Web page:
News | November 07, 2011

EUROECHO Meeting Now Includes MRI, CT and Nuclear Imaging

November 7, 2011 — This year’s annual meeting of the European Association of Echocardiography (EAE), a registered branch of the European Society of Cardiology (ESC), is changing its name to “EUROECHO & other Imaging Modalities.”

EAE President Luigi Badano, M.D., FESC, from the University of Padua, Italy, explains, “To manage cardiac patients today we need to acquire information from all the different imaging modalities, not just echo. As an association of the ESC, the EAE’s philosophy is that we want to become more patient-oriented, rather than pure technology-oriented, so that we’re using the most appropriate technology to address individual clinical questions.”

In addition to echocardiography (ECG), he adds, the meeting will now include magnetic resonance imaging (MRI), computed tomography (CT) and nuclear imaging.

The meeting expects to attract more than 3,000 delegates from 87 countries including cardiologists, internists, cardiac surgeons and sonographers. Seven parallel sessions will run across four days.

“The conference represents a unique opportunity for cardiovascular imagers to come together. There will be teaching sessions for those new to the field, advanced techniques for the more experienced and the latest advances will be presented in over 690 posters and abstracts. You’ll get the opportunity to interact with leading imaging experts from all over the world and try out new technology in the exhibition,” says Prof. Patrizio Lancellotti, FESC, EAE president-elect, from the University of Liège, Belgium.

The organizers hope the Eastern European location of the meeting, which is being held for the first time in Budapest, will enable cardiologists from eastern Europe to attend more easily.
The main themes of this year’s meeting are valvular heart disease and left ventricular function. In the sessions on valvular heart disease, delegates will learn how risk stratification using the different imaging modalities is allowing identification of asymptomatic patients who will benefit from earlier surgery.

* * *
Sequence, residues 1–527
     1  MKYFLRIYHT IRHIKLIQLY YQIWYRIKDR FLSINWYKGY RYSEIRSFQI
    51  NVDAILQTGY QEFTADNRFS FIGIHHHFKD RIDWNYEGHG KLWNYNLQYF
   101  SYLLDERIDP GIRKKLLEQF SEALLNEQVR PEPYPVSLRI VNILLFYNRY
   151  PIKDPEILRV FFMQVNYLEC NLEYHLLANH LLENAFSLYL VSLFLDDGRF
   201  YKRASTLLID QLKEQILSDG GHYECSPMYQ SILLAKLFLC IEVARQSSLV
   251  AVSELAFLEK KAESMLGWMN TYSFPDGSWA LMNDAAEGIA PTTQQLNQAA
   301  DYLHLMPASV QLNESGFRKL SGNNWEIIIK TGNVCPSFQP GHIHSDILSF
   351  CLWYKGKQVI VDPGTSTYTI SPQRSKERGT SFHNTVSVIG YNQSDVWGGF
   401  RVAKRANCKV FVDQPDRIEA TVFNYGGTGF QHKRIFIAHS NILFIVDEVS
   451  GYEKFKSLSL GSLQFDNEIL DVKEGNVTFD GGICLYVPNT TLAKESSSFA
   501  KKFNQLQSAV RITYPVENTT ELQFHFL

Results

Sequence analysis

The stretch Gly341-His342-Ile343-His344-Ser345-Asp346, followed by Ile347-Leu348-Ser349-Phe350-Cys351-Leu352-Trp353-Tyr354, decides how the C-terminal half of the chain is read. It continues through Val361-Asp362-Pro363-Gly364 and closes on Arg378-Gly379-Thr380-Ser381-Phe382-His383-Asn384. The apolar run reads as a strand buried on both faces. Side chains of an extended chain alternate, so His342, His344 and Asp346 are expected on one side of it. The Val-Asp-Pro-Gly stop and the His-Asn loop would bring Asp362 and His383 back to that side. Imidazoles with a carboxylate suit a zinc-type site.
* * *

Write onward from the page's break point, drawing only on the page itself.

The role of 3-D ECG in assessing the likelihood of mitral valve repair is growing. Evaluation of left ventricular (LV) size and function was one of the earliest applications of clinical ECG. Now, the evaluation of LV systolic function with new techniques, such as 2-D speckle tracking is allowing identification of patients with subclinical LV dysfunction related to a more advanced stage of valve disease; patients with chemotherapy-induced cardiac toxicity can also be more easily identified.

The clinical imaging sessions are a new clinical track where cases will be presented and discussed. The clinical pathways sessions, back by popular demand, will provide lectures about various state-of-the-art topics; this includes contrast echocardiography, when to use transoesphageal echocardiography, congenital heart disease, and clinical application of 3-D echo.

Challenging cases will follow each session. On the final day, six international leaders in their fields will present meeting highlights.

This year a special focus is being placed on young investigators, with the intention of encouraging their attendance. “Young investigators will be the cardiologists of tomorrow so, what we really need is a way to get them hooked on research to further our field,” says Lancellotti. 

To give a boost to original research by young researchers, the conference has developed a special mentoring program. Delegates under 35 with high scoring abstracts will be given an opportunity to discuss their work with experts in their specific fields of research.  The scheme is already reaping its rewards, with 45 percent of successful abstract submissions this year coming from investigators under 35 years.

Part of the success of the EAE’s youth drive has been the creation of Club 35, an organization set up within the EAE in January 2011 to support young researchers in training. Club 35 will be holding a special session where members will give presentations on valve disease. There will also be dedicated how-to sessions with advice on writing scientific papers, case reports, and abstracts and how to submit oral presentations.

On Friday afternoon a new light-hearted aspect of the program will be ECHO at JEOPARDY. Based on the popular American quiz show format, delegates will see short clinical cases and then be able to pit their wits against the president and past presidents.

At this year’s meeting there will be a new emphasis on communication with an official congress newspaper that will be handed out free to all delegates. Chairs of selected sessions will be submitting reports that will be accessible online.

For more information:

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